While we’re on the subject, let’s do one more foreign film before we move back into the classic Hollywood bread and butter films of this blog.

Iconic French director Jean Renoir shot most of A Day in the Country (“Une Partie de Campagne”) in 1936.  Weather disrupted the filming, and before Renoir could get back to it, World War II broke out and he fled to America to continue his career in Hollywood.

Ten years later, the producer released it as a short film.

And I do mean short.

At a scant 40 minutes, you can knock of this masterpiece in less time than it takes to watch two reruns of The Office

Based on a Guy de Maupassant short story (if you’re like me, you read his more famous story The Necklace in high school), the film tells the story of a family—mother, father, daughter, and future son-in-law—who escape the confines of Paris for a day of fishing, boating, and laying in the grass.

It’s clear that Henriette’s father wants her to marry Anatole (Paul Temps), who has all the sex appeal of a anteater.  But Henriette (Sylvia Bataille) is young, innocent, and immediately charmed by the handsome Henri (Georges D’Arnoux) and Rodolphe (Jacques B. Brunius), who work at the restaurant where the family stops for lunch.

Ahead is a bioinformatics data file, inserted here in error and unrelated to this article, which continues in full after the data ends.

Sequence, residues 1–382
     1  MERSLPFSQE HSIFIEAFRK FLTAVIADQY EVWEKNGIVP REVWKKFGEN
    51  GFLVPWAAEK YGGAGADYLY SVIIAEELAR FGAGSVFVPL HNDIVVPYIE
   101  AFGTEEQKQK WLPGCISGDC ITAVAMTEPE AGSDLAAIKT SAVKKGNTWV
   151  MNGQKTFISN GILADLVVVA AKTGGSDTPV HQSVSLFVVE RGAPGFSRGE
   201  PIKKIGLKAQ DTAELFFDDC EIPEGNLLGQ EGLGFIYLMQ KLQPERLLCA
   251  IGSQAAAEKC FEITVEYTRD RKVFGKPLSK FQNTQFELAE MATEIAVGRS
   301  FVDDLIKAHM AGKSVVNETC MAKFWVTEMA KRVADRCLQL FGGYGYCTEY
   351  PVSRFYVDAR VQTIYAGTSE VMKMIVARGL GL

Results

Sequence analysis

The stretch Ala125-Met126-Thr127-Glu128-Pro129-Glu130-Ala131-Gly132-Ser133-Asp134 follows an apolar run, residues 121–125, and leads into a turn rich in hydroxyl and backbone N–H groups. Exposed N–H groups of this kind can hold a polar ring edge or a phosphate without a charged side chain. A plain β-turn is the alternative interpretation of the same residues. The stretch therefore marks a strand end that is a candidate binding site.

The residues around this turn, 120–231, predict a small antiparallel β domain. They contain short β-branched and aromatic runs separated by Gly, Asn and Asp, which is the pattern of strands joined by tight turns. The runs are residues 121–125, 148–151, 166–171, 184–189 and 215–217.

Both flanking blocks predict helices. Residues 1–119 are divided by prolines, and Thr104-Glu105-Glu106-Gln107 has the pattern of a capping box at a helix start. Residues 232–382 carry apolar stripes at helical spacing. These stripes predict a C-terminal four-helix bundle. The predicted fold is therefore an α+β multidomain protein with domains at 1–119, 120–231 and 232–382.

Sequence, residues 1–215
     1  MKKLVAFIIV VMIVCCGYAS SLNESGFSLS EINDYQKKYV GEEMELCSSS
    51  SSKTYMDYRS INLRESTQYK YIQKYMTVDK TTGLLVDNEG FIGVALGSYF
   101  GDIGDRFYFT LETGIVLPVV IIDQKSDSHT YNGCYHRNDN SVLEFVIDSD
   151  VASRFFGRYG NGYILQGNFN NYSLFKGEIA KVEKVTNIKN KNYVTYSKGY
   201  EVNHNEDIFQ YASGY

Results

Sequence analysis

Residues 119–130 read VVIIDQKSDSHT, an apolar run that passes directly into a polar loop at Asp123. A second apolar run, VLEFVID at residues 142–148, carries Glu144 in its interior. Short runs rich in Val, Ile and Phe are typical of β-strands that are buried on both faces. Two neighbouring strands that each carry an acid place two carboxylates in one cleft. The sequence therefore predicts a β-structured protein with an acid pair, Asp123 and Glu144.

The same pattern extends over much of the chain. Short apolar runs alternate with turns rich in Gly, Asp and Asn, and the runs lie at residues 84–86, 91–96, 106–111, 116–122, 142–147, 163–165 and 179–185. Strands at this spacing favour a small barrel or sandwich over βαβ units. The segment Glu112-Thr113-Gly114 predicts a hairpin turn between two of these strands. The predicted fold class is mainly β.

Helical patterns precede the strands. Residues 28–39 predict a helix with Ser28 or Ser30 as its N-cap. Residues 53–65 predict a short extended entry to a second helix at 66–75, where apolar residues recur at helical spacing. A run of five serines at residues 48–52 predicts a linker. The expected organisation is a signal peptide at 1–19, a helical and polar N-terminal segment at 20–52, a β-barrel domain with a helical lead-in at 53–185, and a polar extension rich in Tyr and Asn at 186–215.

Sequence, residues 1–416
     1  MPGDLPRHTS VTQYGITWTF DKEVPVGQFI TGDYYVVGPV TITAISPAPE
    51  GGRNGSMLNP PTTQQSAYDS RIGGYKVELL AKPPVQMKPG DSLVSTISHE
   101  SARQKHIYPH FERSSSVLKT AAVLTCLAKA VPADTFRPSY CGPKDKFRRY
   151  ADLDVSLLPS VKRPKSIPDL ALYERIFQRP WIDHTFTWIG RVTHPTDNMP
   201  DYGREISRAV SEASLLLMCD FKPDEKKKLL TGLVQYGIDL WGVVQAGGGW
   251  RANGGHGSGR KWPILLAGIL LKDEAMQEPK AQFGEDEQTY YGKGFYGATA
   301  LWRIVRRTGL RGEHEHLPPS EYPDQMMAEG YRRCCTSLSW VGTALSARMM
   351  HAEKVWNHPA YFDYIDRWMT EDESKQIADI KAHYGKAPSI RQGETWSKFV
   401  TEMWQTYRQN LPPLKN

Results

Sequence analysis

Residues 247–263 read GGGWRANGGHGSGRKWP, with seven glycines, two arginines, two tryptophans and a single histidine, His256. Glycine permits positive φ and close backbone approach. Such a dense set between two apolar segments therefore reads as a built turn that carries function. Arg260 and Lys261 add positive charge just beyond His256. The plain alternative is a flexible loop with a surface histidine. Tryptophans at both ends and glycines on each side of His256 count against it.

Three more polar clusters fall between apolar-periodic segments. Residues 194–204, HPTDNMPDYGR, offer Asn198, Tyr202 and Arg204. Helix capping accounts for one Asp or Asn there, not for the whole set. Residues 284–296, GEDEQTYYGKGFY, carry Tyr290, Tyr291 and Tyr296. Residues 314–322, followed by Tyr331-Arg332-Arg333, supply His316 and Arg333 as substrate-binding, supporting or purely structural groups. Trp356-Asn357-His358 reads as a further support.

While her father teaches the doltish Anatole how to fish, Henri and Rodolphe scheme to take Henriette and her very attractive mother off for trysts in the woods.

Though Rodolphe originally calls shotgun on Henriette, the chemistry between Henri and Henriette is clear from the start.  Rodolphe plays the ultimate wing man and busies himself with flirting—and distracting—Henriette’s mother.

Henri rows Henriette down the Seine in a rowboat, then pulls over into a secluded area.  After brief resistance, Henriette succumbs to Henri’s charms and they make love in the grass.  Henri is more moved by the encounter than he predicts, and feels something akin to love.

But their interlude does not change the course of Henriette’s exterior life—though her interior one is now filled with secrets.  Years later, Henriette shows up again for a day in the country and runs into Henri.

She is married to Anatole as her father wanted; Henri’s status is unclear.  But when fate once again brings them face to face on the banks of the Seine, the emotion of their long-ago encounter is right there in their eyes.

They have no future; they have no past; only a long ago moment of poetry in a world of prose.

Well worth your time, this little gem won’t leave you disappointed.